State officials announce ‘Malama Hawai‘i’ PSA campaign
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State officials announce ‘Malama Hawai‘i’ PSA campaign

  • Video courtesy Hawaii DLNR

    Hawaii DLNR launched its "Malama Hawai'i" campaign today to encourage visitors to care for the state's natural resources.

  • COURTESY HAWAII DLNR

    Hawaii DLNR’s “Malama Hawai‘i” campaign will be deployed through seven public service announcements at 27,000 hotel rooms and incoming Hawaiian Airlines flights.

State officials announced today the launch of its “Malama Hawai‘i” campaign in partnership with the Hawaii Tourism Authority, encouraging visitors to care for the state’s natural resources.

The campaign — designed to educate visitors and kamaaina about being respectful of the islands’ natural resources — will be deployed through seven public service announcements at 27,000 hotel rooms and incoming Hawaiian Airlines flights.

State Department of Land and Natural Resources chair Suzanne Case recalls using state funding two years ago to commission the design and placement of 30 large “Malama Hawai‘i” outdoor conservation signs at state parks and trail heads around Oahu.

“Now, we’re taking the very same messages on these beautiful signs and expanding them across a wide variety of communications platforms,” she said in a news release.

At a press conference Tuesday afternoon, she said everybody is “keenly aware” of the important connection between tourism in Hawaii and our natural environment.

To kick off the campaign, DLNR is featuring the PSAs on its Facebook page for the next seven weeks. The seven, 30-second PSAs will also be aired onboard Hawaiian Airlines’ Airbus A330 aircraft on flights between Hawaii and North America and its international destinations.

The PSAs inform the public that “Malama Hawai‘i” means “caring for our islands.” They also inform the public about native species, remind visitors to stay on authorized trails, respect the host culture, and not to disturb Native Hawaiian culture sites or remove rocks, and encourage practicing good conservation for future generations.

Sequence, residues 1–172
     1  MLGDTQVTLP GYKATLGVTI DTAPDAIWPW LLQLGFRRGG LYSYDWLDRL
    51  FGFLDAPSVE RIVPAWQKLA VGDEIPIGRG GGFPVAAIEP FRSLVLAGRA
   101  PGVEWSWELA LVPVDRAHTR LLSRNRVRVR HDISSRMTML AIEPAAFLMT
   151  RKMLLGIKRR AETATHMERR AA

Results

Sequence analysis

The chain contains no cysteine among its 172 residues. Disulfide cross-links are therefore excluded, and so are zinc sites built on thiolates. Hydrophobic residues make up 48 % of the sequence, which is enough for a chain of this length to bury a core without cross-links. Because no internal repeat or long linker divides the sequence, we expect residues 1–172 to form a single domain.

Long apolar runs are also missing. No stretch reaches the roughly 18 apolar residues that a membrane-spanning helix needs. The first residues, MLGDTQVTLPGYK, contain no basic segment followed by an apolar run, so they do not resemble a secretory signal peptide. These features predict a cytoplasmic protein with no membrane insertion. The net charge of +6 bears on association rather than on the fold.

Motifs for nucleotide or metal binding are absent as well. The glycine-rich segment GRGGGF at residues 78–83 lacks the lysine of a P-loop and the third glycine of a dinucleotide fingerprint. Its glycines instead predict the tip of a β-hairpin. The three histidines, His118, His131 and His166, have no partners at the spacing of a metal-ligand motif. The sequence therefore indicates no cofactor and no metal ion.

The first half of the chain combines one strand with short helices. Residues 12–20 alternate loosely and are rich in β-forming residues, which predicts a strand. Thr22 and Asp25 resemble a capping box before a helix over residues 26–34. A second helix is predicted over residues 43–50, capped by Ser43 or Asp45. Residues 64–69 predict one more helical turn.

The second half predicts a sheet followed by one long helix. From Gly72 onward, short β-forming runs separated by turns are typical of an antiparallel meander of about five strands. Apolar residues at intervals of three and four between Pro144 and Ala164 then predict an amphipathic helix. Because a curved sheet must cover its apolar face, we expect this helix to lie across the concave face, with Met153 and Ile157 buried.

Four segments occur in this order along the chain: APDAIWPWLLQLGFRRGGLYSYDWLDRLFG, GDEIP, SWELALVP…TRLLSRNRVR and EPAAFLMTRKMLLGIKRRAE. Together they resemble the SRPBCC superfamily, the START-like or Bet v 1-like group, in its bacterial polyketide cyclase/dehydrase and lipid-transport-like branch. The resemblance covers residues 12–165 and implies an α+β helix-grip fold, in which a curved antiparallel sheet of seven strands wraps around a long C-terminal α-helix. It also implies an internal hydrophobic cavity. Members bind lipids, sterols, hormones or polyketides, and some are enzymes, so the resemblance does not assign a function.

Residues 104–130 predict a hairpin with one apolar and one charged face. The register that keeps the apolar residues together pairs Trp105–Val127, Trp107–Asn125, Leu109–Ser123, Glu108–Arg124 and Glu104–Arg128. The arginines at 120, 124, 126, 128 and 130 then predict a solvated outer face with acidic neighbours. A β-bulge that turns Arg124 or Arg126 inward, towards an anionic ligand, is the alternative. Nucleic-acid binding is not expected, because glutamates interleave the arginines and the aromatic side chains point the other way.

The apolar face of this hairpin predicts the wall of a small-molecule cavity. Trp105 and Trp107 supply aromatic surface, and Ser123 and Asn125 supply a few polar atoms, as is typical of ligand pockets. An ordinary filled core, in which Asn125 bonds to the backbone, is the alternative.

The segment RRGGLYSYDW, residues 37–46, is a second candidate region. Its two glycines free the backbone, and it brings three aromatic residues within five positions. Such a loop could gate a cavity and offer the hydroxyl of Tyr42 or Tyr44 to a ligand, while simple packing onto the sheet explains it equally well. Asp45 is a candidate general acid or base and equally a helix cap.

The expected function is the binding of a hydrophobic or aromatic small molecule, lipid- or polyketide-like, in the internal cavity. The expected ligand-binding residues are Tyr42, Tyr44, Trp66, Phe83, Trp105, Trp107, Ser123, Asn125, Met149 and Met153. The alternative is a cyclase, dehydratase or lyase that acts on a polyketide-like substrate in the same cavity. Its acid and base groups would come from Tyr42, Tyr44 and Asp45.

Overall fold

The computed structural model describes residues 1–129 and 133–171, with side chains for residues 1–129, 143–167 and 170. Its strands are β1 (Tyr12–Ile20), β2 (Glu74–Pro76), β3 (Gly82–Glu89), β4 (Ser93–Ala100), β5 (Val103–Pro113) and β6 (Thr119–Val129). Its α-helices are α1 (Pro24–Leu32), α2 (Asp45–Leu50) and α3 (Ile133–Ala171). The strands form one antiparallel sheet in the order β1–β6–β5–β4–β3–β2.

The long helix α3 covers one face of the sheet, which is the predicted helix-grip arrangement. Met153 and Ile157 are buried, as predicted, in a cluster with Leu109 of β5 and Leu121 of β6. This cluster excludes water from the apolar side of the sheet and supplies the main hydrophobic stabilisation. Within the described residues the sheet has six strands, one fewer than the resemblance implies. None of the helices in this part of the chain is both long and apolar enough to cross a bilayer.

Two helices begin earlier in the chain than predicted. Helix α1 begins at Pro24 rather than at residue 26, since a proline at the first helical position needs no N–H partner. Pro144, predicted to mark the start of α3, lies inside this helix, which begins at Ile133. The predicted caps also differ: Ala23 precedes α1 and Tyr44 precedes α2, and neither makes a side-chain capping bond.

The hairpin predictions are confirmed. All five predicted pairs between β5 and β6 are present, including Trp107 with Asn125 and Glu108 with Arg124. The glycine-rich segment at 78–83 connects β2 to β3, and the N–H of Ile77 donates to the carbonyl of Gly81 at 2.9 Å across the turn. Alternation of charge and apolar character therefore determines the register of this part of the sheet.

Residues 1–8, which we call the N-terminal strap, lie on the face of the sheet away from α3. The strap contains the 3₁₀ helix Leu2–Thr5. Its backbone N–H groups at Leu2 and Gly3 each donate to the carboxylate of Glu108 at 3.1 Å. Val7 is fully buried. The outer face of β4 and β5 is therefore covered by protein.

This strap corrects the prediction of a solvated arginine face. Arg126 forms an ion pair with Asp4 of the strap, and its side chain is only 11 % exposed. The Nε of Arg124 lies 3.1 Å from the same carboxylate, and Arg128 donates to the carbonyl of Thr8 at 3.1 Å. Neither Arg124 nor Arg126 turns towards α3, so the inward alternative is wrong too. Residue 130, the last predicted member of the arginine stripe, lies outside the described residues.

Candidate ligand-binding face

Another PSA reminds families to fact check information before visiting a site due to an abundance of inaccurate and misleading information posted on social media. Other PSAs inform the public about not walking on coral reef structures and to respect wildlife from a distance.

“All of us have a responsibility to take care of our island home and ensure its sustainable future,” said HTA director of Hawaiian cultural affairs Kalani Ka‘ana’ana in a news release. “Through this collaboration with DLNR and industry partners amplifying the message, the Malama Hawai‘i campaign encourages travelers to be safe, mindful and respectful while enjoying the islands’ natural beauty.”

Hawaiian Airlines was the first carrier to agree to include the PSAs as part of its digital entertainment on flights from the U.S. mainland, according to DLNR. AirAsia X is beginning to play audio versions of the announcements, and discussions are also underway with other domestic and international carriers to show the PSAs.

“We are most appreciative of the support we’re getting from the visitor industry, which recognizes the strong linkage between the health of our natural and cultural resources and the health of Hawai‘i’s biggest and most important economic sector,” said Case in the news release. “Clearly you cannot have one without the other.”

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